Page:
Callistemon subulatus


Family: Myrtaceae

A shrub growing to about 1 to 2 m high. It occurs in and between the Heathcote and Mittagong districts in New South Wales, and East Gippsland in Victoria.

It grows in creek beds and on the banks of streams in forests, mainly in the coastal subdivisions but also into the eastern tablelands.
Leaves densely arranged, linear, subulate or terete, to 4 cm long, and 3 mm wide, with a short mucro.

Inflorescences are spikes to 8 cm long, and 4 cm diam., mostly leafy. Filaments dark crimson.

Fruit are capsules to 5 mm diam.

Callistemon subulatus grows along the banks of watercourses of coastal and tableland districts, south from Sydney to Victoria. In its natural habitat, they grow from one to sometimes 3 metres high.

In the garden

Flowers attract birds and bees.

C. subulata is commonly cultivated because of it abundant and attractive flowers in spring and summer. It is hardy but benefits from the application of low-phosphorus fertiliser.

Author not aware of any pests.

A low-phosphorous fertiliser should be applied in spring and autumn and light vegetative mulch will help retain soil moisture and reduce weed growth.

Tip pruning can be undertaken almost anytime that the flowers are not developing and this helps the plant to produce new shoots. The best type of pruning is to cut off 2/3s of the new flowers as soon as the flower is spent. This forces many new shoots that will produce next seasons flowers.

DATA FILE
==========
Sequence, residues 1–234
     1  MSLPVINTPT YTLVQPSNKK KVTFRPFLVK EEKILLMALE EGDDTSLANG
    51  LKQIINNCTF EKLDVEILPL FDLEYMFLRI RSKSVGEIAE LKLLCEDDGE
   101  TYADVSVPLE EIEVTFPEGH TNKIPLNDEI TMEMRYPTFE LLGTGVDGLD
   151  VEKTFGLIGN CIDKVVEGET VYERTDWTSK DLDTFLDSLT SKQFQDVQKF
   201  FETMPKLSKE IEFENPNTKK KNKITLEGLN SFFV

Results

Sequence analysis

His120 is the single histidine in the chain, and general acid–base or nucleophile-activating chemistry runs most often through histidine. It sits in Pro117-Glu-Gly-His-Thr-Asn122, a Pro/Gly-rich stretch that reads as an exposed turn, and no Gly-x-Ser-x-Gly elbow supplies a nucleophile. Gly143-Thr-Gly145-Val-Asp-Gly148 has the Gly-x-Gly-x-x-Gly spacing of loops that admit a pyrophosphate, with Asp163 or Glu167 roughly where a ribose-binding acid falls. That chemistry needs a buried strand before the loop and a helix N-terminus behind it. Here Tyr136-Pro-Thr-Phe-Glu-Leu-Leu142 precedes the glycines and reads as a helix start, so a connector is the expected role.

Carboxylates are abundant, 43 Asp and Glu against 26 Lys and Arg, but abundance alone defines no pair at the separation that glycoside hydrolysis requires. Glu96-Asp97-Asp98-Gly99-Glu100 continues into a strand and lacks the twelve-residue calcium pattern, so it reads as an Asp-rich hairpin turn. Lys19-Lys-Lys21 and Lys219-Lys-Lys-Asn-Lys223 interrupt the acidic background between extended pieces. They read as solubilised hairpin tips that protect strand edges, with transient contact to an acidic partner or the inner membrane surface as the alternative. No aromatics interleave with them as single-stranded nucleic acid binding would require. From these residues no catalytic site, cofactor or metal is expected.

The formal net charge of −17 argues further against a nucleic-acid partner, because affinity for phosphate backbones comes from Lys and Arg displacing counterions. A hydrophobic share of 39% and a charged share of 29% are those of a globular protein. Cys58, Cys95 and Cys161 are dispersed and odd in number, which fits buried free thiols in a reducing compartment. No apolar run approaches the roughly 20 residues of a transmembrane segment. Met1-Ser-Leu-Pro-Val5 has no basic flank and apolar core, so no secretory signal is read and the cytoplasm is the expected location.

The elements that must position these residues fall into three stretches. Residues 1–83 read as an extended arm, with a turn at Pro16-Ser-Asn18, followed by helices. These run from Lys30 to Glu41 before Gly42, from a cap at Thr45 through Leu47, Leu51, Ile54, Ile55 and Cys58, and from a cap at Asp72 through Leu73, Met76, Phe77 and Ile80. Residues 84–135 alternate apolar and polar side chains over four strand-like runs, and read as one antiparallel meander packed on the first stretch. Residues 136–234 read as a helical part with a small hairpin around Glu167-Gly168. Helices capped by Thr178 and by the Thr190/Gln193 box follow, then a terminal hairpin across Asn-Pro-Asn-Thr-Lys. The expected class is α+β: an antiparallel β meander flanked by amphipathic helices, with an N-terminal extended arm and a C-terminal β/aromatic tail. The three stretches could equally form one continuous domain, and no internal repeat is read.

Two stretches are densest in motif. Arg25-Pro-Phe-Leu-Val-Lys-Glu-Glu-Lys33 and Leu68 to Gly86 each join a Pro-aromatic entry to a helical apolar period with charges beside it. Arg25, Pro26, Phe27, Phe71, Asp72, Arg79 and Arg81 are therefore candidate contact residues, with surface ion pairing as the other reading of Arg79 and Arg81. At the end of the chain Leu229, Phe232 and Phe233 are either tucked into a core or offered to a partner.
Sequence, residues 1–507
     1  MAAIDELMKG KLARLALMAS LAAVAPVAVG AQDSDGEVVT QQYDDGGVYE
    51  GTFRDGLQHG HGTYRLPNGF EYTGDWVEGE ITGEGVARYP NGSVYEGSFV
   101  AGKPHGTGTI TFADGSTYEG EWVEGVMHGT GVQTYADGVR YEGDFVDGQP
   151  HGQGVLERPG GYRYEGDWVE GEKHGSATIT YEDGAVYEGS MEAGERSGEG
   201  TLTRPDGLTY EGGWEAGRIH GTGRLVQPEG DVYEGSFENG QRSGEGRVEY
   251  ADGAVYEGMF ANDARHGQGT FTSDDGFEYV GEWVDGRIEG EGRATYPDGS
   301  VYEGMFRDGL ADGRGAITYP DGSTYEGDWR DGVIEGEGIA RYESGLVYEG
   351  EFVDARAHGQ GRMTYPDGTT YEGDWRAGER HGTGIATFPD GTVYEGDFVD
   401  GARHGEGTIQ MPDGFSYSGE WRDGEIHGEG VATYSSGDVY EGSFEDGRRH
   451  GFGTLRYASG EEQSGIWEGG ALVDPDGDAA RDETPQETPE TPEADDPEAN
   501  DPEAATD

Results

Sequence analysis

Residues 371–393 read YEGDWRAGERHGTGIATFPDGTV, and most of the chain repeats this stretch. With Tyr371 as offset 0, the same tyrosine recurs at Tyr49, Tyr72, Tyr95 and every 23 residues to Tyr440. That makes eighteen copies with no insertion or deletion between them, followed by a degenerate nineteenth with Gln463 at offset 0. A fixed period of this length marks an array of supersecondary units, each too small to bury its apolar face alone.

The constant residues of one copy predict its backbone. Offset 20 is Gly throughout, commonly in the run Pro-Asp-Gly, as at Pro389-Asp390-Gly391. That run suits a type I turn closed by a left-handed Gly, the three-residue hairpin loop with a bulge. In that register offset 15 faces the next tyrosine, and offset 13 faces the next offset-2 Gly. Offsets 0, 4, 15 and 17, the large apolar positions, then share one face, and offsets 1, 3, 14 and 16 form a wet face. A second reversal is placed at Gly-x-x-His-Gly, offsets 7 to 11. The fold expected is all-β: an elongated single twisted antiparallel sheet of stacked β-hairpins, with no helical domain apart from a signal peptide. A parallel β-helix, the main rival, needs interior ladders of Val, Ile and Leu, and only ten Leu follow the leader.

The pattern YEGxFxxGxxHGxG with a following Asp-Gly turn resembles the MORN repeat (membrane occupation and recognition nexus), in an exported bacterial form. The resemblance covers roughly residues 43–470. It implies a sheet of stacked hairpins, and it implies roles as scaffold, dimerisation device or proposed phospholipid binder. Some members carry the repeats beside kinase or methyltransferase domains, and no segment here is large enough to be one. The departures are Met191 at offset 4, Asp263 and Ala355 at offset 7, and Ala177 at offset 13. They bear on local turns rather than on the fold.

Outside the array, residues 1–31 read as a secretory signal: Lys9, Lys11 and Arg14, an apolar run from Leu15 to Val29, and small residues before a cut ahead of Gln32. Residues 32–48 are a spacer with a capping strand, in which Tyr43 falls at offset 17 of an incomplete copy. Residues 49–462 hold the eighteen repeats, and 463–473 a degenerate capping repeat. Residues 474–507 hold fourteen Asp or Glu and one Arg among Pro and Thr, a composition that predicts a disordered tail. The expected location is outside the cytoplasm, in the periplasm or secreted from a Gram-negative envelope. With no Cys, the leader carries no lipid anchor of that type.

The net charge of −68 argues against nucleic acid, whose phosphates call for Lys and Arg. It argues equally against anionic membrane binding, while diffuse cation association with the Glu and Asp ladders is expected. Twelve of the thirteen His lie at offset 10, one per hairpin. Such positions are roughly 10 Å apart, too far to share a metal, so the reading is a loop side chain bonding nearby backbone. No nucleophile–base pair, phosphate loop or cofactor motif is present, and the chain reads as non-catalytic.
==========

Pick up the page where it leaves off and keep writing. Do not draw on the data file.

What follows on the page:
I planted some of these plants about 12 years ago in a garden, in the northern Sydney suburb of Westleigh and they have all grown to about 1.2 metres high. They are still growing well, even though the soil is now much drier and they only receive dappled morning light and some full late afternoon sun.


From seed or cuttings. Can regenerate from seedbank after fire. Many bottlebrushes also exhibit reshooting from branches and basal parts of stems/trunks after fire or pruning.

Other information

Callistemon – from the combination of 2 Greek words of ‘kallis’ meaning beauty and ‘stemon’ meaning stamen, referring to the conspicuous staminate flowers of the plant.
subulatus is Latin for sublate shape – a long tapering triangular shape.

Not know to be at risk in the wild.

(This species is regarded as a synonym of Melaleuca subulata. Note that there is ongoing controversy about whether all Callistemon species should be absorbed into the Melaleuca genus).


Callistemons are closely related to Melaleucas, which also have ‘bottlebrush’ shaped flower spikes. Botanists, especially those at the Australian National Botanic Gardens in Canberra are currently closely studying these plants to determine how they are best classified. It appears that Callistemons could be renamed as Melaleucas sometime soon.


By Jeff Howes